Control of the heartbeat

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A heartbeat starts with an electrical signal in the wall of the right atrium - called the sino-atrial node (SAN) or pacemaker. This electrical signal sets the rhythm of the heartbeat.

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A wave of electrical activity spreads out from the SAN across both atria causing them to contract.

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A layer of non-conducting collagen fibrous tissue (septum) prevents the wave from being passed directly from atria to inside the ventricles.

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The electrical wave instead passes directly through one region only, the atrioventricular node (AVN), which is located inbetween the atria.

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This AVN is connected to specialised conducting muscle fibres located in the wall in the septum called the bundle of His.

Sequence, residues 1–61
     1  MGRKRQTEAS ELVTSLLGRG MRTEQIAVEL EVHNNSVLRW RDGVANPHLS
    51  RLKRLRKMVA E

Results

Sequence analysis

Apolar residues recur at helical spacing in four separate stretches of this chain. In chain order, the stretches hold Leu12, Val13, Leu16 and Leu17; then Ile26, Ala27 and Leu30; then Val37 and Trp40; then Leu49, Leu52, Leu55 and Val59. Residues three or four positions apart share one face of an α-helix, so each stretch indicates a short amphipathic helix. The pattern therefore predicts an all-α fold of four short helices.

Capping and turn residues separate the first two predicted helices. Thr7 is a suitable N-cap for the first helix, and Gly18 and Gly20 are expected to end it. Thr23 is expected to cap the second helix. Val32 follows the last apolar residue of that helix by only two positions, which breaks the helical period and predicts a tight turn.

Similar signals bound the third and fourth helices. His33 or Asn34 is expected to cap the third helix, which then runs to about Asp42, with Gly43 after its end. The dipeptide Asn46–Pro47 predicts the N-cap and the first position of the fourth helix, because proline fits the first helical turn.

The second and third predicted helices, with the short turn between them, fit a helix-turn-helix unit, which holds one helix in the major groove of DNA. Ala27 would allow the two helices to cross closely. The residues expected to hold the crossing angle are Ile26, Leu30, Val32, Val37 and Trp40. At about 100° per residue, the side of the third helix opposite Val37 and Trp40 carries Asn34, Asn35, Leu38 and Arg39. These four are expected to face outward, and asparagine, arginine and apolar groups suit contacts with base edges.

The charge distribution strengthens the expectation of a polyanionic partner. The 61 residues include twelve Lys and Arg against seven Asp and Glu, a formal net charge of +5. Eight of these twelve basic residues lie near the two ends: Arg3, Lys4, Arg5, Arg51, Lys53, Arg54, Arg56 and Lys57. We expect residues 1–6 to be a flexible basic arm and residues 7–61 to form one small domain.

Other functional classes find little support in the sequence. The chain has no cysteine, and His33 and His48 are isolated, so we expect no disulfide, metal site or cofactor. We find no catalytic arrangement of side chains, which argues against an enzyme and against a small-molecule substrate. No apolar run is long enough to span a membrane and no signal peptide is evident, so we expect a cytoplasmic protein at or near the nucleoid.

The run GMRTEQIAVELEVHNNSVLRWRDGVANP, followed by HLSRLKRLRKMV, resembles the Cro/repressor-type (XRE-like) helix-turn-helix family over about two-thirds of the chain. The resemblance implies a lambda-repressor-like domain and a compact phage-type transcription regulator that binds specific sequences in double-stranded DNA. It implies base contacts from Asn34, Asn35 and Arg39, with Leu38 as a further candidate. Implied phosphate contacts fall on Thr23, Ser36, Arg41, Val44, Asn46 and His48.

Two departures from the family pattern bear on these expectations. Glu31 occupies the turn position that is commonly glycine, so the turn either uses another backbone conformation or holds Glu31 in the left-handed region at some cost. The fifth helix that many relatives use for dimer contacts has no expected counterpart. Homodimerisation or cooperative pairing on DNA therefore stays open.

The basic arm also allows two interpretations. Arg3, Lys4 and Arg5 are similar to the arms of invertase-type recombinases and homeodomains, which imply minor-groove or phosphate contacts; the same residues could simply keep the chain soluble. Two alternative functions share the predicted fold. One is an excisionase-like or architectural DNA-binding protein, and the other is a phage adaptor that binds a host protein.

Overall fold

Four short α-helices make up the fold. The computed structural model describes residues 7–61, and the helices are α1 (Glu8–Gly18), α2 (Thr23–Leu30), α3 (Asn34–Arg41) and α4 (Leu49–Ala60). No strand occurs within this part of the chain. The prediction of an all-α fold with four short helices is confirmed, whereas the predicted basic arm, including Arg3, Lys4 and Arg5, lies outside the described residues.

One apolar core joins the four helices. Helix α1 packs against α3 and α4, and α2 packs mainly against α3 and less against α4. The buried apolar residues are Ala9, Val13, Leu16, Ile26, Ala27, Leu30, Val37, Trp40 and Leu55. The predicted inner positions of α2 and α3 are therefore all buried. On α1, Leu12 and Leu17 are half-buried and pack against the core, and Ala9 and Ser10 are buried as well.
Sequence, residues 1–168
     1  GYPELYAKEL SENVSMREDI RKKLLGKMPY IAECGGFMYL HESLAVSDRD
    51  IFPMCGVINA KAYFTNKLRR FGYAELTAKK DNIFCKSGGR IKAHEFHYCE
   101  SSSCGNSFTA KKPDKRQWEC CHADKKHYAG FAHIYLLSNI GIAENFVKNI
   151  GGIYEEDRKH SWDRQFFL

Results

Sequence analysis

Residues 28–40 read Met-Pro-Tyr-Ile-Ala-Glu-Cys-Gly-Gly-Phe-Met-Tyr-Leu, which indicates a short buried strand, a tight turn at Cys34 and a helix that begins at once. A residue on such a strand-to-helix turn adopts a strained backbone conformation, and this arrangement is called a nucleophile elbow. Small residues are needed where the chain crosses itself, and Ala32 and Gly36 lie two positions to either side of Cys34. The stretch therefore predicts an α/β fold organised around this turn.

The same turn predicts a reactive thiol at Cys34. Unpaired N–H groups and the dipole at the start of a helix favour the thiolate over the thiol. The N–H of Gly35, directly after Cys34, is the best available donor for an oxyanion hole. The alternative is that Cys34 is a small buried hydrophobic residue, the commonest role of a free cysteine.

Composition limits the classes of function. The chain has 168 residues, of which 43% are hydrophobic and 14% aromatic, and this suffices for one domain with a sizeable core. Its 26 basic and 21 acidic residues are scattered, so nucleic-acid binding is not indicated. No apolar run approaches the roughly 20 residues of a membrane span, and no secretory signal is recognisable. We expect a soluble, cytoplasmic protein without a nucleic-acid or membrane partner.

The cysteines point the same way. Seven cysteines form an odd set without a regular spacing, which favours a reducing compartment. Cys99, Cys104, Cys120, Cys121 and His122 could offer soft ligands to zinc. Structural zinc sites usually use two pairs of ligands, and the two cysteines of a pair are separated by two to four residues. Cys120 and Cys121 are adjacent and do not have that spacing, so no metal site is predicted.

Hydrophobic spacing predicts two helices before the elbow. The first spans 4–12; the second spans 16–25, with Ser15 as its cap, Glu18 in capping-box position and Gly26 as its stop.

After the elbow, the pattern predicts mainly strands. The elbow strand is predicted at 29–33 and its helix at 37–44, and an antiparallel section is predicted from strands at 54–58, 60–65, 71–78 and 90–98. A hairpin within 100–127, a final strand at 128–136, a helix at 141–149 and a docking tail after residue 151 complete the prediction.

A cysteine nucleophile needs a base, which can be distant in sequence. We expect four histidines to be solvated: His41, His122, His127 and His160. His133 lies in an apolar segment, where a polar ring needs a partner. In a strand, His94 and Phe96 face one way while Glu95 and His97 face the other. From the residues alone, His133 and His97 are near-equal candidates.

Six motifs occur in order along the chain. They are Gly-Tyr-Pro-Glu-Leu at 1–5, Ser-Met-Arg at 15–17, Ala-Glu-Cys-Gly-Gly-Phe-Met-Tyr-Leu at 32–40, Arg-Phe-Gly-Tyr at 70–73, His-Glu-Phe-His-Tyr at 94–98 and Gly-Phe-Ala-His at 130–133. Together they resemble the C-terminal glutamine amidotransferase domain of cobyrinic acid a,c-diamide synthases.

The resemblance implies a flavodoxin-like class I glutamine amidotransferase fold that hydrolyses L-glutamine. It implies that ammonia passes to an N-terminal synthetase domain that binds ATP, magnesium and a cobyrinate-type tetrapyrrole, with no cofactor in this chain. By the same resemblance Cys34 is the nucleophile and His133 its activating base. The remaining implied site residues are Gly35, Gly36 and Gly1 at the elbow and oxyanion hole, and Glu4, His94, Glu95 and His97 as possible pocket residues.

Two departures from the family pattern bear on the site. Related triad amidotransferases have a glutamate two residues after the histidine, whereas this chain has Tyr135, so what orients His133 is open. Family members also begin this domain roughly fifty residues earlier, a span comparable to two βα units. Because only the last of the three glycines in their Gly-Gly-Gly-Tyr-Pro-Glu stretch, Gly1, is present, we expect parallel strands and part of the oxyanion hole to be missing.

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The AVN after a short delay is responsible for passing the electrical waves down the bundle of His.

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The bundle of His fibres conduct the electrical wave rapidly to the base of the ventricles, where the bundle branches off into the Purkinjie fibres.

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The electrical wave is released from these Purkinjie fibres causing both ventricles to contract quickly at the same time from the apex of the heart upwards.

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